If I witnessed a hit and run last year but didn’t see the plate number of the car that left scene, am I legally obligated as a witness to sign an affidavit?

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If I witnessed a hit and run last year but didn’t see the plate number of the car that left scene, am I legally obligated as a witness to sign an affidavit?

I have given my statement to the attorney of the driver that was hit and to insurance company of the allege car. I have talked to people that have made comments that lead me to believe he is inflating the damages. He has also called me to tell me to call the insurance investigator to tell them everything again. I received an affidavit from his attorney with my statement that they want me to sign. It says he had significant damages I saw no visible damage at accident .I really feel that there is something wrong here and don’t want to sign this. Do I have to be apart of this?

Asked on June 20, 2012 under Accident Law, New York

Answers:

Robert Slim / Robert C. Slim - Attorney at Law

Answered 9 years ago | Contributor

You have no legal obligation to sign any statement.  If you are properly served with a subpoena, then you may be compelled to attend a deposition or trial and give your testimony.

There are some pros and cons, however, to giving a statement.  The pros are that you let the parties know what your anticipated testimony might be.  This may help the parties settle the case without having to bother you with appearing at a deposition or trial.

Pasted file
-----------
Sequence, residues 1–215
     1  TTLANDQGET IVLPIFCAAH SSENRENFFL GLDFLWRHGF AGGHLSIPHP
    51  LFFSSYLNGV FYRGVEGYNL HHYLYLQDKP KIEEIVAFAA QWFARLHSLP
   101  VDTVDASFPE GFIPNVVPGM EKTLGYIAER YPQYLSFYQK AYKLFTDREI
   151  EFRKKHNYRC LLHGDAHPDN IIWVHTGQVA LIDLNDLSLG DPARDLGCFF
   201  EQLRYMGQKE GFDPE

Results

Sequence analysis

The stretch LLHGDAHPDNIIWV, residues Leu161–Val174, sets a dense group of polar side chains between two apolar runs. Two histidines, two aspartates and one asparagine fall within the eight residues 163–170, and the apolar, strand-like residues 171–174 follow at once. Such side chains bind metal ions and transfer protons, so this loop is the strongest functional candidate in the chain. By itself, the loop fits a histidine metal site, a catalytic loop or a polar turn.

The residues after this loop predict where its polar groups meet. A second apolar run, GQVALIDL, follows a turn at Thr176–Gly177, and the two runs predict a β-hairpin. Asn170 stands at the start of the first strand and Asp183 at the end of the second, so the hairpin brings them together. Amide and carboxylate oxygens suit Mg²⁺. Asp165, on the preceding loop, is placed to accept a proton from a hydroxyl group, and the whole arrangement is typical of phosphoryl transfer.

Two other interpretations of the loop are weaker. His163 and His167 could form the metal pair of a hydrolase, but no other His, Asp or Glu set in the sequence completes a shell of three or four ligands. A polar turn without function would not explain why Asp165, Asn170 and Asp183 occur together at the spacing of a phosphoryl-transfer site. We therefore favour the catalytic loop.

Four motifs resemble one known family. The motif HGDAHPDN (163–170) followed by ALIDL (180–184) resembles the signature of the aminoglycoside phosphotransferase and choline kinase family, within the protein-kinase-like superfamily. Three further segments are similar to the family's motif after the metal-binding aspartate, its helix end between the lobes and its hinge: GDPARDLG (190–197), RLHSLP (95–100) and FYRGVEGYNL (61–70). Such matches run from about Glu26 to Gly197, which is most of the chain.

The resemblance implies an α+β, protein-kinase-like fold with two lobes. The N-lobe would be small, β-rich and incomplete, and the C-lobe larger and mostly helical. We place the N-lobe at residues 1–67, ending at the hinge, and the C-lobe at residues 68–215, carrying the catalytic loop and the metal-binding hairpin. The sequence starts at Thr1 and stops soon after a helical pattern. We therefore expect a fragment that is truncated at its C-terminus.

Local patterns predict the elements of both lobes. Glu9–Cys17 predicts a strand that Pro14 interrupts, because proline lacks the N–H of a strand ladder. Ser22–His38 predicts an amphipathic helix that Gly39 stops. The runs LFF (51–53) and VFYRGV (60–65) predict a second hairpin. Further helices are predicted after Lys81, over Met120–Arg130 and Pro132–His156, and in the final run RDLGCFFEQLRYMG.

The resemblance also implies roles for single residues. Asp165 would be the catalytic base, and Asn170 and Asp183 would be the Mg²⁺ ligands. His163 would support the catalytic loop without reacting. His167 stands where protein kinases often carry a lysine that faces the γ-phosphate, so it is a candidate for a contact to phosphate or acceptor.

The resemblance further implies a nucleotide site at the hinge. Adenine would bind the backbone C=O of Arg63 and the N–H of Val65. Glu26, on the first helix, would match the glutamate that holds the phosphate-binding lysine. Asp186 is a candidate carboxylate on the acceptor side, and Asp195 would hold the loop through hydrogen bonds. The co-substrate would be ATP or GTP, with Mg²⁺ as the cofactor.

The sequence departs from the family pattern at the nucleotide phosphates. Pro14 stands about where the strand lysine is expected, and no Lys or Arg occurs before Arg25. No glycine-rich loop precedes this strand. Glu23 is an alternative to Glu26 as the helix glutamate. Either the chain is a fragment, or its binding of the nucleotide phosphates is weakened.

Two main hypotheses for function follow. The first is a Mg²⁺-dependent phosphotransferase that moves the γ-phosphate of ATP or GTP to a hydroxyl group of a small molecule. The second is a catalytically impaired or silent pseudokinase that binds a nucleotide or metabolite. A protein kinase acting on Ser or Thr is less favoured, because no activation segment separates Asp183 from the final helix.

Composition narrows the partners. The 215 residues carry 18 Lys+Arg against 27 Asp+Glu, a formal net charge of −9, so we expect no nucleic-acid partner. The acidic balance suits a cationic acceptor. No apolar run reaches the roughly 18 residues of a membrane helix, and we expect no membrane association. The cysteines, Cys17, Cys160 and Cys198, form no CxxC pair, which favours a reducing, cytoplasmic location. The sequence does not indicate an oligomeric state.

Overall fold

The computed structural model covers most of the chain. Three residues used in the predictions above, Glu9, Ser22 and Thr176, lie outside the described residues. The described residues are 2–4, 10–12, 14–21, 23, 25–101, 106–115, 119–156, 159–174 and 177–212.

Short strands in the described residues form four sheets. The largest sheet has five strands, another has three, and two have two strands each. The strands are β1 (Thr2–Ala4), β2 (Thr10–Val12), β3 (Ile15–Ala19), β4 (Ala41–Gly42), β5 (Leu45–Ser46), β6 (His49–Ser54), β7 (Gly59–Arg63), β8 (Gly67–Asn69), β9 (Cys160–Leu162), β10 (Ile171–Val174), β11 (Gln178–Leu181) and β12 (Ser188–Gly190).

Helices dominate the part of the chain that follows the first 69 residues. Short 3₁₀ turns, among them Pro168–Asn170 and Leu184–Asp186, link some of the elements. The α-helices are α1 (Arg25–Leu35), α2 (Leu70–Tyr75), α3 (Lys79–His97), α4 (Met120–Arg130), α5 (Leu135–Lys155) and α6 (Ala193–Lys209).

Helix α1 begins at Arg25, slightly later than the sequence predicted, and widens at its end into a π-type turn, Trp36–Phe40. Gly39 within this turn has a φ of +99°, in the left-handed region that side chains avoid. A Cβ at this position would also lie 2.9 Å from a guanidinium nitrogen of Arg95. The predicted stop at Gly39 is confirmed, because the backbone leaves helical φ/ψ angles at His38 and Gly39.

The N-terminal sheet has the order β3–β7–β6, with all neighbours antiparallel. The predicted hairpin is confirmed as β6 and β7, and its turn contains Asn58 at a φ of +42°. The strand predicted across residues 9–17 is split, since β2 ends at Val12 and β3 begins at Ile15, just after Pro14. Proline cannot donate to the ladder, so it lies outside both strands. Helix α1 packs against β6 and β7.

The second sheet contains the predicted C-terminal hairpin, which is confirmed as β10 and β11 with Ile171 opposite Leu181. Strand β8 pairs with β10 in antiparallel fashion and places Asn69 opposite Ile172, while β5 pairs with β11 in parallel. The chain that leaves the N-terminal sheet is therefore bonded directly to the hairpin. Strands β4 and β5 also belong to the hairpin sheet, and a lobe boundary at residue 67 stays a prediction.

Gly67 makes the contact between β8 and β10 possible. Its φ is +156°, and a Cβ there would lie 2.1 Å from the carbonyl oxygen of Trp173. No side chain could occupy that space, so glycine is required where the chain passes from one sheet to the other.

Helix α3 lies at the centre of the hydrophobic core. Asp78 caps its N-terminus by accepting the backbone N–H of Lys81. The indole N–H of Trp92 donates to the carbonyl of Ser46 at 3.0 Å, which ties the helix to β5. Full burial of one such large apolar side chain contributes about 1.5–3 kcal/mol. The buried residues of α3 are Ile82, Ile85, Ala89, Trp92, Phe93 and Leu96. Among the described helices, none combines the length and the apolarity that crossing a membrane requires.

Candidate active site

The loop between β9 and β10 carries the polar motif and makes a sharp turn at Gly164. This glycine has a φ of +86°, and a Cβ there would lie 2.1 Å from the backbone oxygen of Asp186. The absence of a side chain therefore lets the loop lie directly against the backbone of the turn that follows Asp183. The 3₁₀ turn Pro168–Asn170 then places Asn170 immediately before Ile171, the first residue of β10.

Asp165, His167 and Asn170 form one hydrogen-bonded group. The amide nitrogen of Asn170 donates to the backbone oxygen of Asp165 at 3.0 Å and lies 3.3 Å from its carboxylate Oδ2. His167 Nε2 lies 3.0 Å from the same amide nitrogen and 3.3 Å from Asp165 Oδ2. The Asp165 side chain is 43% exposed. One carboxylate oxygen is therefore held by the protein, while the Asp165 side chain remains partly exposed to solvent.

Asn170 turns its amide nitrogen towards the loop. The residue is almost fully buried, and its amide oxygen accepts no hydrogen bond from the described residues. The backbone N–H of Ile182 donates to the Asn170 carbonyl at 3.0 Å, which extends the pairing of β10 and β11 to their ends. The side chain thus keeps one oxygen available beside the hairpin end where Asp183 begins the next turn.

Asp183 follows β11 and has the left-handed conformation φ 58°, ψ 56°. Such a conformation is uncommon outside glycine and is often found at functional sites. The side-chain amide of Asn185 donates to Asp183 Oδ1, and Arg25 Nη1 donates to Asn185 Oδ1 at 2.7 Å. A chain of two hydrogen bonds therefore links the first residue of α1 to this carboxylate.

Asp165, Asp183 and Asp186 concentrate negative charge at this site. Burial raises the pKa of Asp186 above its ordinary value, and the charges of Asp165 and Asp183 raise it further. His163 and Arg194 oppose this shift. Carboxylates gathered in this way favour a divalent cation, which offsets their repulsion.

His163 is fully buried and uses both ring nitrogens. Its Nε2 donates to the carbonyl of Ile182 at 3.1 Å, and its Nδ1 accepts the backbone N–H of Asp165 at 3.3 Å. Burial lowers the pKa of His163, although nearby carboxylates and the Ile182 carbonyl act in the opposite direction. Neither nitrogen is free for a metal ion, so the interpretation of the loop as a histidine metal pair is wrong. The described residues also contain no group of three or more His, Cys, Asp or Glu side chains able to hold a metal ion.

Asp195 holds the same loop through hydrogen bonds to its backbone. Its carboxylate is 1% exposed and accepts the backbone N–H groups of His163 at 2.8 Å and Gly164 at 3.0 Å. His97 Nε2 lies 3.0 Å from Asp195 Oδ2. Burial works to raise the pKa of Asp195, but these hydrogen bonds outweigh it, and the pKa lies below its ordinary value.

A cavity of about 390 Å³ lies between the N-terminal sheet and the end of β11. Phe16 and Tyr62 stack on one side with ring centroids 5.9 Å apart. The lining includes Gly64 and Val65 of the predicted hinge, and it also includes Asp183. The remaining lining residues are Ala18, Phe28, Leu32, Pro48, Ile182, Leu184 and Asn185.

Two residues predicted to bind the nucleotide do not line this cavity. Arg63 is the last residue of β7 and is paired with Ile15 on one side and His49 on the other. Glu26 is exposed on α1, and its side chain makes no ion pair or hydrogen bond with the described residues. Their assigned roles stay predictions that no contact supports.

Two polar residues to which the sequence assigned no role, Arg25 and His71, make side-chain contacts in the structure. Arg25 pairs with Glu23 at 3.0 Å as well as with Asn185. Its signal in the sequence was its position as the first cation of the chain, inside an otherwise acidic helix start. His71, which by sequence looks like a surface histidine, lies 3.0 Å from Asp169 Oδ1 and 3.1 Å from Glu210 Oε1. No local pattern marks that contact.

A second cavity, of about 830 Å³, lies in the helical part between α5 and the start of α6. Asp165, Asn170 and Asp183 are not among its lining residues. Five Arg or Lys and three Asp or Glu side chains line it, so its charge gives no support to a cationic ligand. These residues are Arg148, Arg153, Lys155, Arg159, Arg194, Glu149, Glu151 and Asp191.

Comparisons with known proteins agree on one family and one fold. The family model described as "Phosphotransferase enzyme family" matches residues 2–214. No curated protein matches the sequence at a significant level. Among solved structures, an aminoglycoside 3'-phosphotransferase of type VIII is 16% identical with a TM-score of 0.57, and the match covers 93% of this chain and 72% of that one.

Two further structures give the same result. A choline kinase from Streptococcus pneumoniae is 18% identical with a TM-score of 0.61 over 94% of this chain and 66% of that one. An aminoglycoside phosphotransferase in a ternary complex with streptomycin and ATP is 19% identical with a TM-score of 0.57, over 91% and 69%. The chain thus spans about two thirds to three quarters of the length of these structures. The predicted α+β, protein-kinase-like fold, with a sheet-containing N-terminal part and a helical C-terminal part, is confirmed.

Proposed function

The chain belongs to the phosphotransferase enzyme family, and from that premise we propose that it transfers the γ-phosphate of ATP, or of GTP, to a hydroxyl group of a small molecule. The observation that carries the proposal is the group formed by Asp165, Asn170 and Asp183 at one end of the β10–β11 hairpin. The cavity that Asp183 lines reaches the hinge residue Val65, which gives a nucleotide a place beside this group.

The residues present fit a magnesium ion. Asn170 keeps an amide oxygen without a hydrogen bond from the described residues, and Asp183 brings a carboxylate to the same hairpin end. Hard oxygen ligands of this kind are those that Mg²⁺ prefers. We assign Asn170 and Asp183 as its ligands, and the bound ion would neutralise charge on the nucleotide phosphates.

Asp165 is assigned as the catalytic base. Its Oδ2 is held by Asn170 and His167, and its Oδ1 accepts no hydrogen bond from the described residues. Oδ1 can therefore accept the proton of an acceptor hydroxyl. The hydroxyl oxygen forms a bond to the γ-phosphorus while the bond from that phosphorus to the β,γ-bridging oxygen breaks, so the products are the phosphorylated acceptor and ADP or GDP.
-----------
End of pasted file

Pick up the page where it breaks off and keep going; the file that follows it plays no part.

The cons are that the statement can be used against you in a deposition or trial.  Rest assured that the attorney for the party who is hurt by your testimony will use you prior written statement to challenge your credibility.  Therefore, if you give a statement, make absolutley sure everything in the statement is true and accurate.

One thing you can do is give an informal telephone statement to the lawyers so long as they agree (preferrably in writing) that they will not record the conversation.   This way, the lawyers know what your testimony is going to be, but at the same time they do not have some recording or written statement that they can manipulate against you.

B.H.F., Member, Texas State Bar / FreeAdvice Contributing Attorney

Answered 9 years ago | Contributor

If you are summoned to appear in court or at a deposition, then you do have to be part of the process.  However, you are never required to sign a statement that you do not agree with.  In fact, signing a false document can cause you more problems, than the inconvenience your being bothered with right now, like perjury since this is an affidavit.  If you want to sign it, then manually make the corrections, make a copy, and the return the original.  I would also suggest sending a copy of the affidavit to the other party so they know what your statement is as well.  If this attorney is shady, you don't want him re-editing your affidavit and sending it forward in an incorrect state.  Keep the record strait from the beginning to the end.


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